• Amanda Kramer

What are the UN Global Goals?

Updated: Aug 23

On a previous blog post, I explained the initiative of Agenda 2030. This agreement for a more sustainable world is broken down into goals and targets. There are 17 Sustainable Development Goals (SDGs) that are made up of 169 targets that combine to create the framework of Agenda 2030. These SDGs are also called “the Global Goals”. All of these titles are interchangeable... Agenda 2030, SDGs, and Global Goals are all referring to the same thing! Now that you are officially updated in the world of sustainability jargon, let's move on to the average teacher's point of view for a few minutes.

Many instructors shy away from sustainability because they are not very confident in the content. They don’t feel like they are “subject matter experts” but I’m here to tell you… you don’t have to be an expert! The resources are out there for you, you just need to have the confidence to step outside your comfort zone and explore the unknown. Here is how.

The Global Goals are an excellent way to break down sustainability. Many connect the word

“sustainability” with the terms “green” or “environmentally friendly” or “renewable energy”, but sustainability is much more encompassing. Each goal has environmental, social, and economic targets within it to address all aspects of sustainability. So keep those things in mind as you will soon realize that the goals can relate to your curriculum, no matter what subject you’re teaching (more on this later)!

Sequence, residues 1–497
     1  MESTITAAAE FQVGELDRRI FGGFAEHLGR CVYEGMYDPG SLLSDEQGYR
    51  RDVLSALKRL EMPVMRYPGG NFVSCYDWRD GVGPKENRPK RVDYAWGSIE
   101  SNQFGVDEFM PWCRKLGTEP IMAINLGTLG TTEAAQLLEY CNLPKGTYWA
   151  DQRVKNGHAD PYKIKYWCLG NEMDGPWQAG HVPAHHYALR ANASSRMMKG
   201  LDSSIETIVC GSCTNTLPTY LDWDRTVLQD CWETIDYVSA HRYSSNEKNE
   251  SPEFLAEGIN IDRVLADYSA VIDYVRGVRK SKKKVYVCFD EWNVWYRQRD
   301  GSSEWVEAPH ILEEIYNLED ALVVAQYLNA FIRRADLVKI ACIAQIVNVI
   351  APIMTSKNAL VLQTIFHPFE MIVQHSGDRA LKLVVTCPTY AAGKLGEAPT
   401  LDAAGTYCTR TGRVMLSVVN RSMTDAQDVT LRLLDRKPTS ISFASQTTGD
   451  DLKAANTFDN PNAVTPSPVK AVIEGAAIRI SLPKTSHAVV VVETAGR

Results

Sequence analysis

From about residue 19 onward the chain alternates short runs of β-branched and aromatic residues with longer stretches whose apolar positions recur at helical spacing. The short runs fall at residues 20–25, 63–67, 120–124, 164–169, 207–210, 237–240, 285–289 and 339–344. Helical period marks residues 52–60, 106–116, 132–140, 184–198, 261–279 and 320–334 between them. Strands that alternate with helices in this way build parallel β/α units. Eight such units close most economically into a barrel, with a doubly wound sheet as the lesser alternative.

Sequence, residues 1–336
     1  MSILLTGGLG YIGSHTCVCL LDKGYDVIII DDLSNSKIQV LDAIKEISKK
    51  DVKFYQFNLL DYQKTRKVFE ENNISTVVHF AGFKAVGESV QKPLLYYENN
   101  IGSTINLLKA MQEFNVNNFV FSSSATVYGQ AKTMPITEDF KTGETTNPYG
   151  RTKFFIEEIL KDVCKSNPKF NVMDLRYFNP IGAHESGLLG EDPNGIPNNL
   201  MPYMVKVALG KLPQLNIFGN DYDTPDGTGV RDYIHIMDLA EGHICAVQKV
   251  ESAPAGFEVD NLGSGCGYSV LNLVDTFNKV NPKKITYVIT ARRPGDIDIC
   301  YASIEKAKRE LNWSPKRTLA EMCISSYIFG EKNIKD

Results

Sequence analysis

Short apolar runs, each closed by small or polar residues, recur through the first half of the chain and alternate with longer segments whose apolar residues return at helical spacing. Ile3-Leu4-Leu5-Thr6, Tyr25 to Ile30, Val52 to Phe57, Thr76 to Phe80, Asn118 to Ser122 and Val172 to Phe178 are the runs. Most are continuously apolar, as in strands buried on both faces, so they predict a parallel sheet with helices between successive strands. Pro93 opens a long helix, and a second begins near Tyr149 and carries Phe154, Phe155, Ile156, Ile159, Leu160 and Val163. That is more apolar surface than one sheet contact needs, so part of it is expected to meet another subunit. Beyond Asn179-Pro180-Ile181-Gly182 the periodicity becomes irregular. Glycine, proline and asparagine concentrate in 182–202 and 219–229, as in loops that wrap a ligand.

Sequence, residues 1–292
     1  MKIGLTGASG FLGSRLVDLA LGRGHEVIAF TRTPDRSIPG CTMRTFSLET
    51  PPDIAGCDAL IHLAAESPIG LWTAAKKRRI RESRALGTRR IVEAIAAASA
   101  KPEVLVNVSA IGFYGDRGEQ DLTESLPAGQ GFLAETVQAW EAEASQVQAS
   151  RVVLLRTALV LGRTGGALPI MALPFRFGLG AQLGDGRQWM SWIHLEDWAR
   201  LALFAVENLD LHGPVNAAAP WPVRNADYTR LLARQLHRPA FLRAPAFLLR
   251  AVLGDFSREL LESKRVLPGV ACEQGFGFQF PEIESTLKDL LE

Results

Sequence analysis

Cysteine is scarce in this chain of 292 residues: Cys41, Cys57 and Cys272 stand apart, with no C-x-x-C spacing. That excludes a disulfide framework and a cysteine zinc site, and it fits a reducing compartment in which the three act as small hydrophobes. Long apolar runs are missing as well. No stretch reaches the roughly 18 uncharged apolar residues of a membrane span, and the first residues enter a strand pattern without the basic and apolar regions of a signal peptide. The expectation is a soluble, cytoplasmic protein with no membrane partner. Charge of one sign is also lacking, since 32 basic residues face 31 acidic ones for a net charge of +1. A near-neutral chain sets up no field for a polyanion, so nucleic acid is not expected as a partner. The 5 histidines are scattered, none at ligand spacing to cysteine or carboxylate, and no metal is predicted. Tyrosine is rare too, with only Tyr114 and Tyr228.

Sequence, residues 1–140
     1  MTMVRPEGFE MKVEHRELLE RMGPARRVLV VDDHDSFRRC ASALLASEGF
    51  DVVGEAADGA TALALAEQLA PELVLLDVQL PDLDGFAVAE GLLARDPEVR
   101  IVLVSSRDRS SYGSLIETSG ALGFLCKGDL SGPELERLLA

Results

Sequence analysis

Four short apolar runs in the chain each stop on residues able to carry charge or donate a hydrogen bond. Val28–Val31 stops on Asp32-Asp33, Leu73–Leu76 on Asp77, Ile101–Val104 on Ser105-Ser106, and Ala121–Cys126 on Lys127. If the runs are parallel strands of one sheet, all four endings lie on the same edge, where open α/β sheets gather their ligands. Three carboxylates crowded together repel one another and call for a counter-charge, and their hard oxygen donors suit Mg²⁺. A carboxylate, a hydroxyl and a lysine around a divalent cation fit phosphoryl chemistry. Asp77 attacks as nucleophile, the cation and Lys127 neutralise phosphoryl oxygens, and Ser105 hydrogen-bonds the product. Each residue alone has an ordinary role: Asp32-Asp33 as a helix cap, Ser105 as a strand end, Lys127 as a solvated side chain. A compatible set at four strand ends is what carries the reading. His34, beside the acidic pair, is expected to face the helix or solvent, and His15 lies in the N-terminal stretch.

In addition, one goal is a gateway to another. For example, in order to work towards the goal #1, No Poverty, you need to consider investing in a reliable infrastructure (goal 9), community gardens for food (goal 2), clean water filtration (goal6), and reduced violence (goal 16) could all play a role in reaching No Poverty.

I encourage everyone to explore the goals at https://www.globalgoals.org/ . Doing this will help you gain a solid foundation in understanding sustainability!

After your exploration of the goals, you may be wondering, how can this be do-able or measurable? Zero Hunger around the entire world is a very tall order. Well, each goal has targets that add up to the goal being achieved. You can find these targets on the same website as the global goals info.

There are a total of 169 targets between all 17 SDGs, not all the goals have the same amount of targets. As you explore the targets, you may see connections between other goals, which is great! Actively working towards one target will simultaneously help reach another goal and target, so it is imperative that these goals are viewed as a framework that needs to be addressed as a whole, not just focusing on one before heading to the next.

The UN Global Goals website is lacking what I will provide in this post... measurability. Have these targets been tracked? If so, how? One of my favorite resources out there on the internet and it is the SDG Tracker created in collaboration with Our World in Data. These are both great resources for educators, but the SDG Tracker consolidates relevant data to match the targets for each Global Goal.

When I mentioned in an earlier post about how sustainability needs to matter to every educator, this is why. No matter what subject you teach, you can match it up with not only a general Global Goal but dig into the targets and make them discussion points in your subject area. Have students know these targets exist, talk about where the problems lay, do research, have students use critical thinking to brainstorm solutions to reach the target faster, get the conversation and action going! All you need to do is step outside your comfort zone just for a little bit and explore what is out there. You will be shocked at the data and likely get hooked as I did!

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"For a dream to inspire as many future citizens as possible and empower them to be problem-solvers for a better, more sustainable future...their future." 


-Amanda Kramer, Founder of Virescent Inspiration

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